Saturday, June 11, 2011

The decision was made for me

   I have a confession to make. I have had a Butterfly Bush (Buddleia). I wasn't going to tell any of you out of fear I might be shamed. I'm trying to be a responsible habitat gardener with an emphasis on native plants, I had no idea when I planted it last year that it might be considered a bad thing.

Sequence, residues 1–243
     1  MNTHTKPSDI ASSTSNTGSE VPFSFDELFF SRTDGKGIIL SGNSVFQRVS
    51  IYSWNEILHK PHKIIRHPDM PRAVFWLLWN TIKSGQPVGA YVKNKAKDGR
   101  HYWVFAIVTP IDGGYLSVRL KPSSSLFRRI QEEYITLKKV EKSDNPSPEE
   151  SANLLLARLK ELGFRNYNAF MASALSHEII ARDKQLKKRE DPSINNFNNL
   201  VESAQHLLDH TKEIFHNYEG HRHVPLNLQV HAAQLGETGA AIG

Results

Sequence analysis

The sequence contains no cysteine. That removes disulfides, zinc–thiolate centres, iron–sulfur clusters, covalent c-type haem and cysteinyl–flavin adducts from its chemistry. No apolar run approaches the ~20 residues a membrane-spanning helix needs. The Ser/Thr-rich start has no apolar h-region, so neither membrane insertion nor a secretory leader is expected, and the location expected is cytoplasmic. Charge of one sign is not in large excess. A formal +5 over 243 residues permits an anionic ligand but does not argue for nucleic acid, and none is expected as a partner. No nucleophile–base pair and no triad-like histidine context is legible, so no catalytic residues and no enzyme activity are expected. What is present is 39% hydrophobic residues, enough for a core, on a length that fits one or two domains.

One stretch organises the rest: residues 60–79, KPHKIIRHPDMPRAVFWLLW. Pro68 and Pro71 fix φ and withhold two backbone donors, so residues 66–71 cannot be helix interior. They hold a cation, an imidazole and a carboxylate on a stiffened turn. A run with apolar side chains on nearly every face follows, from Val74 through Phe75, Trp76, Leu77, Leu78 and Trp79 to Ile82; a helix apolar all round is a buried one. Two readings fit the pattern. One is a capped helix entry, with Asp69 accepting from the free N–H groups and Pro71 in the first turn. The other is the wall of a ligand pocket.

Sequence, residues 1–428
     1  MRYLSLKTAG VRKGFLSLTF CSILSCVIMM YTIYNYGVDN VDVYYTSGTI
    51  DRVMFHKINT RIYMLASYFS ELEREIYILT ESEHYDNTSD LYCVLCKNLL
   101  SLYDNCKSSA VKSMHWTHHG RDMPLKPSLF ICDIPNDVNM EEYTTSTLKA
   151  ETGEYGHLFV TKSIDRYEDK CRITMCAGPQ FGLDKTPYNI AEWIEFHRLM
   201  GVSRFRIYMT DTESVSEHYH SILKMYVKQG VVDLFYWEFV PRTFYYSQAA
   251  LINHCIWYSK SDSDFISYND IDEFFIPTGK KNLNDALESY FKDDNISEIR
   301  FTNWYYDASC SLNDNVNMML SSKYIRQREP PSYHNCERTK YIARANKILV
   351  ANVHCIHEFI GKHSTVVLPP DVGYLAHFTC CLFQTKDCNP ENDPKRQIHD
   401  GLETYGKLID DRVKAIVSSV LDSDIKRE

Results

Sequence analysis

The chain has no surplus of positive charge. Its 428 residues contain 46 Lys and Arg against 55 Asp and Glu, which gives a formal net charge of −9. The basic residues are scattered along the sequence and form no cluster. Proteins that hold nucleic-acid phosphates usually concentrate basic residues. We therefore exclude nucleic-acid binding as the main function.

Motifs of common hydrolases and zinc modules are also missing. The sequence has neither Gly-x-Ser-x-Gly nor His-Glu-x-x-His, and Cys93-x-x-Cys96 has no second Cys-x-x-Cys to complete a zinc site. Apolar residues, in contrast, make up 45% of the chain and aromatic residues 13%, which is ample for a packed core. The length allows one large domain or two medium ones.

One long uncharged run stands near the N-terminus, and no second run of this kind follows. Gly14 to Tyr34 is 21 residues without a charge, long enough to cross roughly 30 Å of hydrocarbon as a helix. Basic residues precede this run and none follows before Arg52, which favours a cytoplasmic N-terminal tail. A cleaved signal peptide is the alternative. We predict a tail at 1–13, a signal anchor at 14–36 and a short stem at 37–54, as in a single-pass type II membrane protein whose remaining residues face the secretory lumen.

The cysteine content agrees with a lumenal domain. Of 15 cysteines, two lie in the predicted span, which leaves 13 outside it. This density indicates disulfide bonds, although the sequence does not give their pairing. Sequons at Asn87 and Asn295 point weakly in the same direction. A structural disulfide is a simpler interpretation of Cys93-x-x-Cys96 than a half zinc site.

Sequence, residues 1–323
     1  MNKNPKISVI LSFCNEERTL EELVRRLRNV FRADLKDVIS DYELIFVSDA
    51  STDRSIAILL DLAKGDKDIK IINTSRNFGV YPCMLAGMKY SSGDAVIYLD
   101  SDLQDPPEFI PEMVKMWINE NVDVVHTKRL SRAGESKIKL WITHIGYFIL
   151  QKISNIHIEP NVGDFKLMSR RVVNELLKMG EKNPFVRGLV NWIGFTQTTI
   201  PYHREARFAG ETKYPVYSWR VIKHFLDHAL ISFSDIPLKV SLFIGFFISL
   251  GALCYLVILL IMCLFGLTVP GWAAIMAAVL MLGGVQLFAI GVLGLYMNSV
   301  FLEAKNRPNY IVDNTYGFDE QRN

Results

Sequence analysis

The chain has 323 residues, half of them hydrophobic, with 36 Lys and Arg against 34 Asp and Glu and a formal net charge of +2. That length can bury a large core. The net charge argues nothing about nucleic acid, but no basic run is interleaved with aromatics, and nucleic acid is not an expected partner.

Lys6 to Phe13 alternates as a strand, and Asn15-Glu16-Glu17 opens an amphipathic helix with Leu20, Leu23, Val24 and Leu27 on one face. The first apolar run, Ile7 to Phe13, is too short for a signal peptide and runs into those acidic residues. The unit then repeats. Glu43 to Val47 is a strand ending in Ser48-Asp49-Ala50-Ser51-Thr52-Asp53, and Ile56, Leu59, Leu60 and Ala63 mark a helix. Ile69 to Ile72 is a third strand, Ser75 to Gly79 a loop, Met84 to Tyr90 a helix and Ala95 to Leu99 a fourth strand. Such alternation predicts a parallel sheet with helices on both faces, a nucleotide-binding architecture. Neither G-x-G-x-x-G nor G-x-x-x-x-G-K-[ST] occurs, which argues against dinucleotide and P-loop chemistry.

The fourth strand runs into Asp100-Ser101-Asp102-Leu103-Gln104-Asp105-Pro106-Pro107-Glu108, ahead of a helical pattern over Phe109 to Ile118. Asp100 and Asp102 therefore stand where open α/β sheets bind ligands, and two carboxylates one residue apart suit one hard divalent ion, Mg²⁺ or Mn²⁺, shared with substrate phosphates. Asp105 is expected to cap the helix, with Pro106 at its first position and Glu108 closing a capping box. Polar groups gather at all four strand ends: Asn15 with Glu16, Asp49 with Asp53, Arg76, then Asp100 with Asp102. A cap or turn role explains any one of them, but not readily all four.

Buddleias are probably the first thing the average gardener plants when they decide to start gardening for butterflies. There it was, right in the middle of my butterfly bed, it was going to be my tall visual anchor along the front sidewalk. As I started to learn more about habitat gardening, I discovered what "non-native invasives" are, and Buddleia is on the list for Virginia. All these years I mistakenly thought Buddleia was native to the Pacific Northwest. I'd seen them growing "wild" there when visiting the Seattle and Snoqualmie area many years ago, they were in full bloom everywhere along the roadsides. Now I know what I really saw was an invasive non-native plant colonizing natural areas. So I had a dilemma, dig up my butterfly bush because it's on the invasive list for Virginia, or leave it because it doesn't seem to be a problem here in my part of the state? I've dug up Nandina, Autumn Olive, and Burning Bush with no remorse or regret, but Buddleia is such a great nectar plant, I couldn't decide and I felt guilty every time I looked at it.